Another beautiful day greeted us as we set off to our next stop – Crackington Haven. With a short 10 mile walk, we hoped for an early arrival, allowing us to do some much needed laundry. We zipped along at a pretty fair clip for most of the morning until the rolling green fields gave way to the all too familiar ups and downs.
What we did know about today’s trail was that, at the end of the day, it would lead us to a reunion with our dear friend Ian, whom we met several years ago while walking the Camino de Santiago. He’d booked a room in our Crackington Haven hotel, driven from his Oxford home and met us on the trail, lifting our spirits and escorting us down to where a cold drink and a hot shower awaited.
We hit the trail at 7:30 this morning in anticipation of what our guidebook described as “one of the hardest days of the path.” We left Hartland Quay just as the sun was rising, and set our sights on Bude, 15 miles away.
We continued on, racking up a total of 10 major descents, crossing creeks that flowed into the ocean. For every drop in elevation, the path climbed right back up the other side of the ravine, leaving us huffing and puffing most of the day.
At the end of the day, according to our guidebook, we had conquered 4,500 feet of ascent… and as everyone knows, what goes up, must come down! The math makes my feet hurt. We have never, on any of our treks, experienced such elevation gain and loss in any one day. But we did it today, and now that this day is nearly behind us, we will sleep well, hoping that this was the hardest day for us.
We looked north to Wales for the first week on England’s South West Coast Path, but have turned the corner and the sun is setting into the ocean as I write. I can no longer see Wales, nor any whales, which has been a homonym joke for us. Don’t you wish you were here to share in the fun?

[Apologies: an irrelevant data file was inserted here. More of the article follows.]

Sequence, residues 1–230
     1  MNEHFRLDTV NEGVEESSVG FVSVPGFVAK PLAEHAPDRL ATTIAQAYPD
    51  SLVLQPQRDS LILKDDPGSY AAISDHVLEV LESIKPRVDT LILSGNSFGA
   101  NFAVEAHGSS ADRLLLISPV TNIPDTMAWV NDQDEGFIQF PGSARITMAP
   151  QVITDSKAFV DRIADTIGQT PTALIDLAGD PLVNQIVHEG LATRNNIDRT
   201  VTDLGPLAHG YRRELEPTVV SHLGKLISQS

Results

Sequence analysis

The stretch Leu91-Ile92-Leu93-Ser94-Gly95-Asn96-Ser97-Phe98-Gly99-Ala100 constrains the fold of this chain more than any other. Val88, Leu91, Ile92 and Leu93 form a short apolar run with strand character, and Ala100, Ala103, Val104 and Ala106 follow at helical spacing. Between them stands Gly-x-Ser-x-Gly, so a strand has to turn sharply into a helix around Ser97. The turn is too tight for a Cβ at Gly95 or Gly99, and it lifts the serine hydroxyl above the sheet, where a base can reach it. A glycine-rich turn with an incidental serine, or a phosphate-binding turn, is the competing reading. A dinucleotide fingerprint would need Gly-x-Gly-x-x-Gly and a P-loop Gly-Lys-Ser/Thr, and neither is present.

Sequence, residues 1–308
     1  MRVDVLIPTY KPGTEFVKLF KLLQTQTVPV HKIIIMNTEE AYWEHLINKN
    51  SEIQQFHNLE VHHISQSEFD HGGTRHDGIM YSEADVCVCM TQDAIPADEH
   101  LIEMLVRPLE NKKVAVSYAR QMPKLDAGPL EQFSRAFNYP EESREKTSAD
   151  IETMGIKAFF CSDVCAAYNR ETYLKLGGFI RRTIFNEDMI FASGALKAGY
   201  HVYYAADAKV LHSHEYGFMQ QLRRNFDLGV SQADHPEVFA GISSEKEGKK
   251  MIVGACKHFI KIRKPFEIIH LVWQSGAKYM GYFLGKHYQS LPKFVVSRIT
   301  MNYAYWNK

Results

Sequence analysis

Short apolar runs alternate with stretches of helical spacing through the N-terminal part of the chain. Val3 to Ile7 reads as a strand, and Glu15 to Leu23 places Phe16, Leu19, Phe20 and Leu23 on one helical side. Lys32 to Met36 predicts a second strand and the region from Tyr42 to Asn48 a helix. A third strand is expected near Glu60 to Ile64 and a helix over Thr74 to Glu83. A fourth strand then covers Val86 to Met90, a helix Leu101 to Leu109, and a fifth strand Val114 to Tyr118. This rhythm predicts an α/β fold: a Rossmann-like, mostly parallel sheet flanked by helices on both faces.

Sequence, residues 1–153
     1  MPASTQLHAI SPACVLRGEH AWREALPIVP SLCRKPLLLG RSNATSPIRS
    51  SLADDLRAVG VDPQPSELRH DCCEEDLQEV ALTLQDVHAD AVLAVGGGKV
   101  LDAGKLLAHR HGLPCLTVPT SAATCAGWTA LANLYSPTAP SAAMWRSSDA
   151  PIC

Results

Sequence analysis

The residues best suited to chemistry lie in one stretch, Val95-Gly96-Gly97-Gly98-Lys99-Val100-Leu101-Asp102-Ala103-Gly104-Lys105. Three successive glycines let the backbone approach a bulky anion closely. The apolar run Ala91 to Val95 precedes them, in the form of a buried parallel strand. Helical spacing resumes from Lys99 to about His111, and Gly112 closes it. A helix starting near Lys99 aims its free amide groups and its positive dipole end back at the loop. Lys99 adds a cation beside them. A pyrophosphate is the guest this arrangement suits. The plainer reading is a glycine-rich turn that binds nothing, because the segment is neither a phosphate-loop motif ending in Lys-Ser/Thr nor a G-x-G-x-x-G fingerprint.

How’s the trail? As varied as any we have walked. Plenty of mud, slippery rocks, and more than 4,000 stairs–so far. Most of the time, it has been dry and steep. We have climbed more than 20,000 feet so far, which means we have descended 20,000 feet. Mont Blanc and Italy had steep parts, but not as consistently steep as this. If you are calculating averages, we had two quite flat days around Barnstaple.
How’s the food? B&Bs offer breakfast menus now, with many choices. Even a continental breakfast tray, delivered to our room when we want an early start. Lunch is a picnic, usually a sandwich, crisps and fruit bought in the morning at a shop. However, we are in a stretch with no stores nearby, so we get box lunches from the hotel. We have learned to carry plenty of snacks. Our evening meals come in pubs and a couple of restaurants, or when there is nothing else near, our hotel. In Woolacombe, we found a place that satisfied our veggie craving. Lots of fish and chips, and last night I had a huge Yorkshire pudding with sausages, chips, and (what else?) peas. We both have tried (and liked) mushy peas.
Surf’s up? Surf shops, surf lessons, and surfers, everywhere. The surf? Not so much.
Americans? None on the trail, so far. Actually, not as many other trekkers as we expected. Mainly brits, others from the continent. Otherwise we go long stretches without having to share the trail. Long stretches are very remote, in fact.